Industry experts came together at COP27 to address how we use data, standards, policies and other tools to support a lifecycle approach to greenhouse gas emissions in buildings.
Following the recent release of the Global Status Report for Buildings and Construction, which tracks the sector’s progress towards Paris Agreement goals, the industry is facing up to the scale of the challenge. The report, prepared by UNEP and Global Alliance of Buildings and Construction, confirmed that building-related emissions are not yet dropping and even experienced a post-COVID rise. But there were some positive trends in building policy and investment.
Moderating the session, Robert Spencer, the Aecom global lead on ESG advisory services, encouraged the assembled experts to see the scale of the challenge as exactly why they were coming together. It was their role, he said, to show pathways to progress on data, standards, policies and tools to support a full life cycle approach to decarbonising buildings. He also lead with a strident call for harmonisation and standardisation in the implementation of net zero emissions buildings.
Idriss Kathrada, founder and director of Inoal shared his in depth knowledge of lifecycle analysis and greenhouse gas emissions scenarios across the built environment to provide a landscape review of the current policy and standards mix, including ISO21931, EPBD, RE2020 and Passiv Hauss. Idriss had convened this meeting in Egypt to harness industry expertise to support implementation of climate action
Victoria Burrows, director, advancing net zero at the World Green Building Council (WGBC), reported that progress had been made within cities and spoke of the power of private sector and city authorities to be pathfinders and set value chain standards for the whole sector to follow. She particularly highlighted the great strides that emerging economies like South Africa are making, and their ability to leapfrog outdated standards and practices.
Asked what the most significant initiative for the sector to get behind would be, Burrows had no doubt it was the 2030 Breakthrough initiative, which aims for all new projects in the built environment completed from 2030 to be net zero in operation and to have had their embodied carbon reduced by over 40%.
Nigel Tonks, sustainable development board director at ARUP, and climate champions team senior adviser, offered a corporate perspective on carbon data. Arup had spent the last year following up on their commitment at COP26 to provide a full life cycle carbon reduction approach for buildings, which they call ‘Zero’.
Arup’s calculator works across the lifetime of a building, estimated at 60 years, and engaged over 1,000 staff across 30 countries. Tonks explained that they had developed standard carbon calculating approaches and KPIs for a variety of building typologies across a climate and country energy mix, with building emissions ranging from 600kg/m2 to over a 1,000kg/m2 over that 60-year whole life estimate.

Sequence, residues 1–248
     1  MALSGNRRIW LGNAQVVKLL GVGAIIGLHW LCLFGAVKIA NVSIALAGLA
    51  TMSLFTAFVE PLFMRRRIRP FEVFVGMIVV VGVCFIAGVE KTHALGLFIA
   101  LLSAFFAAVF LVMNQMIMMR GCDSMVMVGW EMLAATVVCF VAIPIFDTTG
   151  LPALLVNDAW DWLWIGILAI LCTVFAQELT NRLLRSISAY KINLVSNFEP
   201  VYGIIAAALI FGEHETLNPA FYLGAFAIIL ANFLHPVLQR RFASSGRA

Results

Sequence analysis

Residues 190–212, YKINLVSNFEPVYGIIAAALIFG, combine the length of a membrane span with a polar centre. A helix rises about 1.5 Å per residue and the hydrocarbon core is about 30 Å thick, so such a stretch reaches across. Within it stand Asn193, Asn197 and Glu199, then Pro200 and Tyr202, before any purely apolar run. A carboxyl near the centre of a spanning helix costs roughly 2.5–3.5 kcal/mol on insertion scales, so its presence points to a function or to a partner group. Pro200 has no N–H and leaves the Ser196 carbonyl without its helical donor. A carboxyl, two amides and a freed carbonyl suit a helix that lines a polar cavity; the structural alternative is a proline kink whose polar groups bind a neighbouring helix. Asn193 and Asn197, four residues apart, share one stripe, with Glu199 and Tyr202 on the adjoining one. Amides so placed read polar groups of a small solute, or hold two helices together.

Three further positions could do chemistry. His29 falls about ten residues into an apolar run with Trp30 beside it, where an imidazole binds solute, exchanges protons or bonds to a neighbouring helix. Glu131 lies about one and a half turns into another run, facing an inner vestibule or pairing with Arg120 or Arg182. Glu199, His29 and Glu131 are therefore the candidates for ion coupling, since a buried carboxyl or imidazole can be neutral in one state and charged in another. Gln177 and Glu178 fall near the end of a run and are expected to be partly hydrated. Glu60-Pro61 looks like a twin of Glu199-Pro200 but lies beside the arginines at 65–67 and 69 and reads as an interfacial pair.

Tonks noted that their ‘handprint’ – the emissions impact of their designs – is 350 times greater than their carbon footprint and corporate emissions and he highlighted that the whole consulting sector will make the most impact by addressing and reducing designed in emissions.
Ryan Colker, vice president, innovation at the International Code Council, highlighted and discussed the significant volume of standards and guidance – both voluntary and mandatory – already available on operational emissions. He then called for a new drive to harmonise on embodied carbon, emphasising the joint ICC/ ASHRAE standard on evaluating GHG and carbon emissions in building design, construction and operation.
Harpa Birgisdottir, Professor of sustainable buildings research at Aalborg University highlighted the very significant steps being taken in Denmark to codify and cap carbon emissions for different building types under a new regime being rolled out.
Professdort Birgistottir highlighted the move to 10kg of CO2e / m2 per year across a building lifecycle, though this served to highlight a real challenge in harmonising data. Nigel Tonks had been talking in his section about emissions per m2 over a 60-year lifecycle, whereas Harpa was providing a per year figure – which served as a microcosm of some of the confusion out there on where to set boundaries and how to compare like with like across the infrastructure industry as it strives to cut emissions out of the design process.
Speaking from the floor, Kirils Holstov of AECOM and WFEO then suggested that future standards must include both emissions mitigation and adaptation and resilience measures if we are to create a built environment legacy that can withstand the coming frequency and intensity of climate related events.
Cause for optimism
Despite the discouraging news from Global Status Report, Robert Spencer told IG that the session ended on an optimistic note that with leadership from the private sector and initiatives like the 2030 Breakthrough, together with leading country examples such as Denmark, industry already has the tools, approaches and policies to achieve very significant building decarbonisation by 2030. He said reported that the work ahead will be about scaling, promoting, education and building up capacity of these tools, standards and approaches that already exist, and rapidly increasing access and understanding of them across the engineering and construction professions.
The industry discussion was convened by Idriss Kathrada, founder of Inoal and a member of the FIDIC Sustainable Development Committee.
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